Finest grains from the Eifel

Traditional company Scherer Baustoffe goes new ways

T‌he volcanic Eifel has always been characterized by its mountainous landscape and is therefore interesting for the raw material industry: Due to favorable mining conditions of the mostly near-surface and partly porous rocks, a large part of the lava slag has been developed there.


Not all lava is the same

Ernst Scherer Baustoffe GmbH & Co. KG has been located in Strohn in the Volcanic Eifel since 1956; the family business was founded as early as 1937. Bernard Douw is the plant manager of the regional basalt and lava works and is responsible for mining the material.

Douw explains why the application and thus also sales areas of the deposits can differ greatly depending on the location: “The different nature of the lava deposits plays a major role both in processing and in subsequent use. At our largest basalt and lava plant in Strohn, for example, we mine material of very different qualities because cooled lava flows from seven different eruptions run into each other there. As a result, the lava here is much more wear-intensive and literally “grinds” its way through our processing plants, as the air inclusions of the different layers leave sharp-edged fractures during crushing. The situation is quite different at our nearby Dreis-Brück plant: the lava rock mined there is lighter. It also does not require the usual drilling and blasting due to its fragile properties and is also significantly less abrasive. The final fractions, almost all of which have very fine grain sizes, are particularly suitable as aggregates for substrates, but are also used as fertilizers, water filters or insulation material.” In Strohn, where both basalt and lava are extracted, Bernard Douw notes a similar abrasiveness of both materials in processing. “While basalt crushes, lava literally eats through any plant.”


In general, a change can be observed in the lava/basalt mining industry. According to Scherer’s own information, a few years ago the company produced significantly more products for road construction – a share that is now visibly shrinking and causing the production volume to decline. This is particularly the case because roadways in the region are no longer completely replaced, but at best their surfaces are rehabilitated in order to save costs. Although the frost protection materials (0/32 and 0/45 mm) for road construction are still the main product of the plant in Strohn, the trend of the basalt precious chippings is increasingly moving into other areas, such as the production of precast concrete elements. Other areas of application for lava include green roof projects, substrate and brick manufacturing.


“Due to the decline in road construction repairs, we are supplying other markets in the future. Theoretically, we could produce significantly more tons per year at the basalt/lava plant in Strohn, for example, but the market has not allowed for this for some time,” explains Douw. “On the other hand, when demand for the finest high-grade chippings (0/2, 2/5 and 5/8 mm) increased, we recognized the need for secondary crushing of the oversize or larger fractions (8 – 22 mm) that had accumulated. Last summer, we turned to Ralph Phlippen from Fischer-Jung Aufbereitungstechnik in Krefeld, who supported us quickly and without complications by providing a suitable mobile crusher for the 4th crushing stage and a matching mobile screening machine.”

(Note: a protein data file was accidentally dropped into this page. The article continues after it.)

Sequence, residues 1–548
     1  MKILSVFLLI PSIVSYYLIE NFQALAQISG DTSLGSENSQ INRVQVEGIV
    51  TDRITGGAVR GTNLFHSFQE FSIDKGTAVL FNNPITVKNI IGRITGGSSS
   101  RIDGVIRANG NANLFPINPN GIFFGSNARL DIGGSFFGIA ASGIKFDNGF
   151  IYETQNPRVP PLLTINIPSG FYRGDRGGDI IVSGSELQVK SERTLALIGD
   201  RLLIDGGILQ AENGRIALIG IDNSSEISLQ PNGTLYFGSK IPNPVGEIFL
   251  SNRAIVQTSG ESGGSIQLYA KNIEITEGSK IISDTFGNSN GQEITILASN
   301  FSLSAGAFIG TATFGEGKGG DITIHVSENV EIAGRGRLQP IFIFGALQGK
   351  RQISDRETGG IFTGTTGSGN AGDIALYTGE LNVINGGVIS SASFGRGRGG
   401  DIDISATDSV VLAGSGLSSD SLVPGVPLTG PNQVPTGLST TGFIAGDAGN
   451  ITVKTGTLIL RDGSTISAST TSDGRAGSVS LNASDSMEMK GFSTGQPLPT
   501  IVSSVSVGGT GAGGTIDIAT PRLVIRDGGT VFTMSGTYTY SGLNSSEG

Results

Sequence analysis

Always on the move as a well-coordinated team

In the end, the company’s decision was permanently in favor of a Metso:Outotec Lokotrack LT200HP secondary/tertiary crusher, which, as a compact and track-mounted solution with direct drive and IC600 process control, can be flexibly deployed at one of the company’s eight mining sites in the Volcanic Eifel. The cone crusher is one of Metso:Outotec’s best-selling models and has proven most effective for fine crushing in the lava/basalt quarries, according to Scherer. A track-mounted Metso:Outotec Nordtrack S4.9 screening machine was chosen for classification, which, in addition to its high operational flexibility, also has three screening decks. The upper and middle decks are generously sized, each measuring 6100 x 1524 mm, to allow effective classification of large quantities of abrasive rock when required. The lower deck is only slightly smaller.


“In our opinion, the two plants from Fischer-Jung Aufbereitungstechnik are a well-coordinated team. The crusher produces a distinct cubic grain, which is definitely a quality and sales feature for us. In addition, we have already moved both plants four times since we bought them, so the decision to rely on mobile machines has paid off completely,” says plant manager Douw. The mobile plants currently shuttle between the Strohn, Mayen and Üdersdorf sites. “Whether it’s basalt or lava, we’re certainly not embarrassed in terms of process technology.” 


Fischer-Jung Aufbereitungstechnik has been helpful to the company since commissioning in the summer of 2020: “At first, we assumed that we would only use the two plants for a while. However, we were then immediately convinced by the quality of the grain shape, the 80 – 120 t/h and the cooperation. To give just one example: With the support of Fischer-Jung, we spontaneously replaced the standard square mesh screen linings at Nordtrack with self-cleaning stainless steel screen linings. Since then, weather-induced caking or plugged grain have no longer put a spanner in the works of our production,” explains Bernard Douw.


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